So, MG Rover has gone, Jaguar's Browns Lane plant has gone, Peugeot at Ryton is going...who will be next?
Land Rover? The rest of Jaguar?
Perhaps not so stupid. Time to think the unthinkable.
As an industry expert noted this week, global automotive manufacturers are now able to treat the UK motor industry like a "political football".
The collapse of MG Rover has left us without a local champion which can hold the sector together, Michael Wynn-Williams, of automotive research company Trend Tracker, claimed.
Even if production is restored in some limited form in Birmingham by the new owners Nanjing Automobile Corporation, Longbridge's future could be like Ryton - kept working only as long as it is useful to its overseas masters. The operations of Jaguar and Land Rover - both owned by Ford - could be vulnerable in the future too, he suggested.
"What may happen is the production of Jaguar and Land Rover moves abroad, but the technical side, which has deep roots in Birmingham, will stay."
So you think Mr Wynn- Williams is exaggerating?
I wouldn't rule it out over the next five years.
I just happened to be meeting this week with one of the Midlands' leading insolvency experts, who will have to remain nameless. He believes Land Rover will be gone in that time period. And he says we had better start preparing for it now.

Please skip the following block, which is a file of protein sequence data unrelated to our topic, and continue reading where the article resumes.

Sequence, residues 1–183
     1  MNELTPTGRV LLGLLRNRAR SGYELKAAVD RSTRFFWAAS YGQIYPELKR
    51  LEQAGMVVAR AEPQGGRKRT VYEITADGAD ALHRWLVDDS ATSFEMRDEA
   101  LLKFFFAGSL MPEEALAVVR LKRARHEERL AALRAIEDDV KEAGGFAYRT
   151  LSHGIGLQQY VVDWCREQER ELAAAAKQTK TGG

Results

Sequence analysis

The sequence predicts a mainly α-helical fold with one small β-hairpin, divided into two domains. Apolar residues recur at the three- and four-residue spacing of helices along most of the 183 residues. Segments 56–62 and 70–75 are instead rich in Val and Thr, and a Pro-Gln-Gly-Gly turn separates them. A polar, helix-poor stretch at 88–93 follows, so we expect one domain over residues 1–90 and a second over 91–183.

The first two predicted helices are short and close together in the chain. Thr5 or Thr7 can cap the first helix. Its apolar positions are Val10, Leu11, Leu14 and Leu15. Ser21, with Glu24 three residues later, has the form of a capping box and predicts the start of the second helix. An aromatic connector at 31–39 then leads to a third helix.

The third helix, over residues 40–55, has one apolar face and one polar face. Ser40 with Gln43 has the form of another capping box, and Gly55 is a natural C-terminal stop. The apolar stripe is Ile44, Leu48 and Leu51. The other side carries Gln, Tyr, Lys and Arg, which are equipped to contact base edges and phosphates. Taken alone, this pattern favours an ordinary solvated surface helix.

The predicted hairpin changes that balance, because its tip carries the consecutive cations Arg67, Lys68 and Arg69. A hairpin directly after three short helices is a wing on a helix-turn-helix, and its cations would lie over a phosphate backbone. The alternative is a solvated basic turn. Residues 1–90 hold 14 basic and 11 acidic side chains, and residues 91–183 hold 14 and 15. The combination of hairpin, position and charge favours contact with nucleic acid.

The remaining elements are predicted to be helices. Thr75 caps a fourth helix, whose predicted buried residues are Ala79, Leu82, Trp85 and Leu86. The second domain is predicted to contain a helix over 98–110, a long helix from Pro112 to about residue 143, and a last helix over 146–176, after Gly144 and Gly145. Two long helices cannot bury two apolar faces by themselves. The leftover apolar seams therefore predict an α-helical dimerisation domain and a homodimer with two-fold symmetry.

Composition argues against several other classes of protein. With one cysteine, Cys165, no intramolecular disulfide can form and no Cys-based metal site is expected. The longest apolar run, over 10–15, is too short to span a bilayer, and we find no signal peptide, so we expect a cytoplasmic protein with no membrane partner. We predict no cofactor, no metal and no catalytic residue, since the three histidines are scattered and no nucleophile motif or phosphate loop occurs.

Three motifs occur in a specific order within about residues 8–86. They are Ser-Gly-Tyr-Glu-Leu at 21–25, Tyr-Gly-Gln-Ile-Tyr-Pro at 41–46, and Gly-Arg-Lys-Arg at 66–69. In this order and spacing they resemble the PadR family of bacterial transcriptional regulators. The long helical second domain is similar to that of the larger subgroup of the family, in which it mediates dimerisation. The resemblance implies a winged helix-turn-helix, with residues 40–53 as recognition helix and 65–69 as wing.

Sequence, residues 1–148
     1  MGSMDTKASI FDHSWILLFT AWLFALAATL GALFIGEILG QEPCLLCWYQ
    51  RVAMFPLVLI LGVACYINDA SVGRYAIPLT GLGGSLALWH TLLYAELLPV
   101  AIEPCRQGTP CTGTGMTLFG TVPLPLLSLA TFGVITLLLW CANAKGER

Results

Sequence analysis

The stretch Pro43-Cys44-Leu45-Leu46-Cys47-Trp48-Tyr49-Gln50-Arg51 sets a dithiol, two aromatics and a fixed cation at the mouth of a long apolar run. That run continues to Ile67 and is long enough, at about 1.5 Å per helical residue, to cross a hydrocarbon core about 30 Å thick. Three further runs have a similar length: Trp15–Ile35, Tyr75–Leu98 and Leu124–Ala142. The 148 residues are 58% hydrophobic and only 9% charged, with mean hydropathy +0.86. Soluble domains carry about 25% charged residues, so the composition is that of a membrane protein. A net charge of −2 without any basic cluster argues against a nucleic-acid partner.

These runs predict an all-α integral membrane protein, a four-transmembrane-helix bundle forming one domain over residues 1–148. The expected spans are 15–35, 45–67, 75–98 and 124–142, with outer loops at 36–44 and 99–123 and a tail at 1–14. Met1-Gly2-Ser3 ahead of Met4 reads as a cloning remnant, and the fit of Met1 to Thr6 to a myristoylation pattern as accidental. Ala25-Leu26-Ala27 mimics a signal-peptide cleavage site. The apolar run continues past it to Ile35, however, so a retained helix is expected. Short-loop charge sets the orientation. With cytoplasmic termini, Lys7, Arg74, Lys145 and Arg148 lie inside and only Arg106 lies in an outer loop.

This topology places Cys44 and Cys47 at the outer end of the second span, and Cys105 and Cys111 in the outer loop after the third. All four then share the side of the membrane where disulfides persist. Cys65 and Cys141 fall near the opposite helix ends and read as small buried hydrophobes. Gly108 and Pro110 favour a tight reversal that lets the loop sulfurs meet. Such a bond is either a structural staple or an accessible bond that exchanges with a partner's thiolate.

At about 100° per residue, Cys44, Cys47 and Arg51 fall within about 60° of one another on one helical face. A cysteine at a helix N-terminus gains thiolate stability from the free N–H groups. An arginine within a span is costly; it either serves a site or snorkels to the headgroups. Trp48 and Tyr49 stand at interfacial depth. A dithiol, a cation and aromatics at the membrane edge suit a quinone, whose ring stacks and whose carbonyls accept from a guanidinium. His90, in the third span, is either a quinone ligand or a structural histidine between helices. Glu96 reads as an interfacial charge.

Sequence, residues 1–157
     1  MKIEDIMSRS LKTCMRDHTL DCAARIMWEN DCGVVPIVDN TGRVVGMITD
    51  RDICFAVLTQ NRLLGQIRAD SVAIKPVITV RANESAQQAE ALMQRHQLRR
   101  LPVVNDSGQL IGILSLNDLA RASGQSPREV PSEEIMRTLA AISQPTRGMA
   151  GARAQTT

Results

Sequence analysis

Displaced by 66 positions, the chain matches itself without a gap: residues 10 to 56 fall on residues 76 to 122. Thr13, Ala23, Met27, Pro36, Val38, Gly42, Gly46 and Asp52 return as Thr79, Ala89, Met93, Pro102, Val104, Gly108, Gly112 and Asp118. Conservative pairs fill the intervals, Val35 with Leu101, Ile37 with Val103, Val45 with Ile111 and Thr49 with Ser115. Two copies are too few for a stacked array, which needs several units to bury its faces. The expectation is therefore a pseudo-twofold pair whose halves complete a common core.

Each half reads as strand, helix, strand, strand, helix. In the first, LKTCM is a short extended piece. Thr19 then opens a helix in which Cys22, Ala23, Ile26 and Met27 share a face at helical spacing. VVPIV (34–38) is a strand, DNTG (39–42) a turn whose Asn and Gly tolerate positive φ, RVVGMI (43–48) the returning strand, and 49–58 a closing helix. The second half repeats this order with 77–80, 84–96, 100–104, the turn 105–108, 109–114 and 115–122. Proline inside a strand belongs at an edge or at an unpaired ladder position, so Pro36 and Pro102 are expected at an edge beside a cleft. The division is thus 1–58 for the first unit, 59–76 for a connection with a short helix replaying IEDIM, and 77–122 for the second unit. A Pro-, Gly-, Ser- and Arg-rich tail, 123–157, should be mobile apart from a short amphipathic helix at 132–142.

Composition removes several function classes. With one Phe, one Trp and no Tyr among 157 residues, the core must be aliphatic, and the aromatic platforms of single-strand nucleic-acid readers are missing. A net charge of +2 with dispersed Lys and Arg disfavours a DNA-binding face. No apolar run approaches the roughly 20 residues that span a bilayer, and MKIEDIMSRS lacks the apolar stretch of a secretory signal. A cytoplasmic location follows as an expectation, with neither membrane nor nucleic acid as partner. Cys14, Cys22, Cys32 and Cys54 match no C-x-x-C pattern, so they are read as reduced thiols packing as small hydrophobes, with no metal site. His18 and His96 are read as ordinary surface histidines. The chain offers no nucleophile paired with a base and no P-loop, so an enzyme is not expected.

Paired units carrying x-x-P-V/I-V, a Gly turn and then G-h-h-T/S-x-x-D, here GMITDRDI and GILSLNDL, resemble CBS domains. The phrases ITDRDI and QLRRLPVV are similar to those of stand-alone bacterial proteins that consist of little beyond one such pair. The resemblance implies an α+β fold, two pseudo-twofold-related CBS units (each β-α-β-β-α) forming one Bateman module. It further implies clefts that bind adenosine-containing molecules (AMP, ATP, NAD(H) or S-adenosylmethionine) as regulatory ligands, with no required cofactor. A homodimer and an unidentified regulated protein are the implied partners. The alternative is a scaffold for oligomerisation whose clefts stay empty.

Land Rover's sales have been excellent over recent months but the 'terms of trade' are turning against it.
Sports utility vehicles are under big pressure in the United States, a crucial Land Rover market, in the wake of rising petrol costs. And its quality standards remain poor. It recently sank to the bottom of the 'bible' of quality surveys.
The company, which employs 7,300 at its Lode Lane factory in Solihull, was the lowest ranked manufacturer out of 37 in the JD Power and Associates Initial Quality Study. Its vehicles had 204 faults per 100 vehicles. This compared with an industry average of 124.
As for Jaguar, those rumours of a while back that it was being hawked around the world as Ford sought to find a buyer had a ring of truth about them despite the denials. Of course Ford insists there are no plans for any of this, and I am not saying I am right. I sincerely hope I'm wrong.
But, on the back of three factory closures on the bounce, don't ever believe car industry assurances.
Mr Wynn-Williams is correct - what's left of the UK motor industry is now simply a "political football".
* With one million foreign visitors expected to come to Germany during the duration of the World Cup, one would expect the hotel industry to be one of the main beneficiaries.
But, with occupancy rates no higher than during a usual June, many German hoteliers are disappointed. FIFA is under fire for block-booking then handing back one million unsold rooms.
So are all those ticketless England supporters sleeping in the street? Probably.